Originally Posted by SJH71 View Post
Ok, so Breivik was inspired by certain American bloggers, and therefore, although they are not directly responsible, those American bloggers and those who follow them really ought to introspect and question their own beliefs and rhetoric, because they created the "ideological infrastructure" for Breivik.

Al Qaeda is inspired by the Koran. Therefore, although they are not directly responsible, Muslims should introspect and question the Koran and their own beliefs and rhetoric, because they created the "ideological infrastructure" for al Qaeda?
I think that says it pretty well. Although I wouldn't quite compare Muslims to Americans bloggers. It would be more accurate to compare Islamist Muslims who don't call for violence but speak of the West in overblown rhetoric and hyperbole that generalizes its entirety from the actions of a subset of current and historical figures.
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  #92  
Old 08-01-2011, 01:27 PM
stephanie stephanie is offline
 
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Default Re: Lessons Learned: Breivik's Manifesto (Wajahat Ali & Mollie Ziegler Hemingway)

Quote:
Originally Posted by Sulla the Dictator View Post
It means that the Left cannot tolerate the slightest deviation from the script. Even as the budgets of bloated entitlement societies bring the building down around us, even as the vanguard of Jihad slaughter the citizenry, even as the culture erodes and relativism rules, even the slightest complaint is met with screams of "Nazi!"
Just to put this in clearer terms, you are claiming that there is some group referred to as "the Left" which: (a) supports bloated entitlement spending*; (b) supports killing people in the same of fundamentalist Islam; and (c) are moral relativists who support the "erosion" of our culture (do you mean porn? the Kardashian shows? NPR?). If there is anyone who falls into such a group, it seems to me that this person (or these people) are quite confused.

However, in that "Left" is also used in other ways, including for the Dems and as a term for people here, I'd like to know to what extent this is supposed to be an accusation which applies to anyone on bloggingheads or any past 'heads. After all, if I'm being accused of being in favor of slaughtering people for Allah simply because I would rather not privatize Medicare and listen to NPR sometimes (or, I dunno, went to a play that had nudity in it), I'd like to know.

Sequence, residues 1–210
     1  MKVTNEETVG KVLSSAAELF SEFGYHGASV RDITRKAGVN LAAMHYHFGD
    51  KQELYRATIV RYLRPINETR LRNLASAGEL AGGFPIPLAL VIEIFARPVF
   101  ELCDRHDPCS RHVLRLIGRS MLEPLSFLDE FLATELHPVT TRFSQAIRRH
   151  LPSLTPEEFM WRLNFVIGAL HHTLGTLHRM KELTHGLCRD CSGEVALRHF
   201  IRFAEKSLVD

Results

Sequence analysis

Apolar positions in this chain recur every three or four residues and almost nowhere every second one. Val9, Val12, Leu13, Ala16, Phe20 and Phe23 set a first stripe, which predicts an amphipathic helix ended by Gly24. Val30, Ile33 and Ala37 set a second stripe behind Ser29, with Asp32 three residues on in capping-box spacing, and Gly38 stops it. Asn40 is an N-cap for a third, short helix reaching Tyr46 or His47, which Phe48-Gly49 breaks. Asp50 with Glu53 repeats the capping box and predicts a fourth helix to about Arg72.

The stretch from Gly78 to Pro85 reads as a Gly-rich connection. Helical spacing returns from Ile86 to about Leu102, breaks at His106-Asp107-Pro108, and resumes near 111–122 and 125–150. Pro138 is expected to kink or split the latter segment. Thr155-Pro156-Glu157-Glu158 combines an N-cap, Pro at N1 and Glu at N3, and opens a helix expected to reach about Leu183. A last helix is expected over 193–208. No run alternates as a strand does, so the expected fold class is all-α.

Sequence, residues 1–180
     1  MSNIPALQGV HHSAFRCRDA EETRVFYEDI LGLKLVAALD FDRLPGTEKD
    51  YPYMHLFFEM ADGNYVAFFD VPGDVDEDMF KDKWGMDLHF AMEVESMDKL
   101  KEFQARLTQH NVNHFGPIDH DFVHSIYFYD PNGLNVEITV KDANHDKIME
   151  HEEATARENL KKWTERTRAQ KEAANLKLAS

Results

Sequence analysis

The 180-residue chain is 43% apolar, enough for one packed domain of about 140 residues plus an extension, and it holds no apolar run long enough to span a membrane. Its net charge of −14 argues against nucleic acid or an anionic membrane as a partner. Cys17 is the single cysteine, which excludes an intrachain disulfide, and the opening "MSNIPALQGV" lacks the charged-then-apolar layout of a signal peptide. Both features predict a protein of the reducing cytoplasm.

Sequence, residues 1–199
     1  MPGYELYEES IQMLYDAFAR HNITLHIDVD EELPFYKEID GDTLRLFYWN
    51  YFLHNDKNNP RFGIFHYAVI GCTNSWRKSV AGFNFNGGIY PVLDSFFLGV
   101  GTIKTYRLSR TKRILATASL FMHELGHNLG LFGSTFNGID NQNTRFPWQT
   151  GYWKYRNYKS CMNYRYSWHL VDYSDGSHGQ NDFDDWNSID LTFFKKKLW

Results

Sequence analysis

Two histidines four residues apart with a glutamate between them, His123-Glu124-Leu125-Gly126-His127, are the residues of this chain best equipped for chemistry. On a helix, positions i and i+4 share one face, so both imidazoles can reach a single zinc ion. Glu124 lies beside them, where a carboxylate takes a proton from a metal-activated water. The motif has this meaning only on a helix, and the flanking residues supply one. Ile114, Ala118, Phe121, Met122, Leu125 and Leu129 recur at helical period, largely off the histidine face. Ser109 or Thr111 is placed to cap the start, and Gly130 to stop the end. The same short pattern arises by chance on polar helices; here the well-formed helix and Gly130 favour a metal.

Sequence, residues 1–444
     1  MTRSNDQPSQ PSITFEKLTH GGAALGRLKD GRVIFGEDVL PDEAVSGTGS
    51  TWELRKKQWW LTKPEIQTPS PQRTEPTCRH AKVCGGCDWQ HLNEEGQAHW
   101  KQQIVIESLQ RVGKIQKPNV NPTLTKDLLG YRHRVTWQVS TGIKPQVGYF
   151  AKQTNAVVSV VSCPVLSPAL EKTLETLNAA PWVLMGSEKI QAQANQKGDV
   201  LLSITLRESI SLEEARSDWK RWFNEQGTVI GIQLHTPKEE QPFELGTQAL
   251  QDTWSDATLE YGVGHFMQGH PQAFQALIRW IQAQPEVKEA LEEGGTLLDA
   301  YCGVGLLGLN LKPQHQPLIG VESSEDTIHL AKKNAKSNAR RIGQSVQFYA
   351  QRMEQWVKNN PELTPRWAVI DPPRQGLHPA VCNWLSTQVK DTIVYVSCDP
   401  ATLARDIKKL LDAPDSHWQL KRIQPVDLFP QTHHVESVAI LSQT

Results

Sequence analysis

*I wonder what percentage of Americans support what you define as bloated entitlements, i.e., Soc Sec and Medicare roughly the way they currently exist? If this is "the Left," that group includes not just mainstream Dems, but a whole lot of Republicans. Thus, your conflating of these people with "the Left" and the other views identified is particularly weird. It's certainly not true that there's an inability for those who want to cut entitlements to express their views, however.
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  #93  
Old 08-01-2011, 02:53 PM
badhatharry badhatharry is offline
 
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Default Re: Nazi violence was a public sector undertaking

Quote:
Originally Posted by dieter View Post
The antisemitic violence did not come out of some nebulous "climate of hatred". The violence was orchestrated by the government and the governing party. All of the antisemitic propaganda before and after the Nazi takeover did apparently not produce significant spontaneous outbreaks of hatred, so the Nazi operatives had to dress up as civilians and do the Kristallnacht pogroms themselves.

The Nazi party also had considerable elite backing and funding, mostly because it was perceived as a lesser evil vis--vis communism.

None of this has any parallel with a couple of bloggers who are concerned about Islam and a lone nut, who was partially inspired by them for his manifesto.
Thanks for some rational perspective.
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  #94  
Old 08-01-2011, 04:04 PM
kezboard kezboard is offline
 
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Default I have a problem with this conversation

Actually, a couple of problems.